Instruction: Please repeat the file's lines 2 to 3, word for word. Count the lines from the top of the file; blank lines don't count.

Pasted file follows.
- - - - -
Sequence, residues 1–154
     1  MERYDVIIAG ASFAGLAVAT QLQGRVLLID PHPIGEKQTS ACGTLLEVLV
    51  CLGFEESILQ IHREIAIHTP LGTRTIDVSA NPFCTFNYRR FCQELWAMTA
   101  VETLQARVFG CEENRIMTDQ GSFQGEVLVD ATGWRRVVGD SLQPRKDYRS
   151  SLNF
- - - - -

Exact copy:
     1  MERYDVIIAG ASFAGLAVAT QLQGRVLLID PHPIGEKQTS ACGTLLEVLV
    51  CLGFEESILQ IHREIAIHTP LGTRTIDVSA NPFCTFNYRR FCQELWAMTA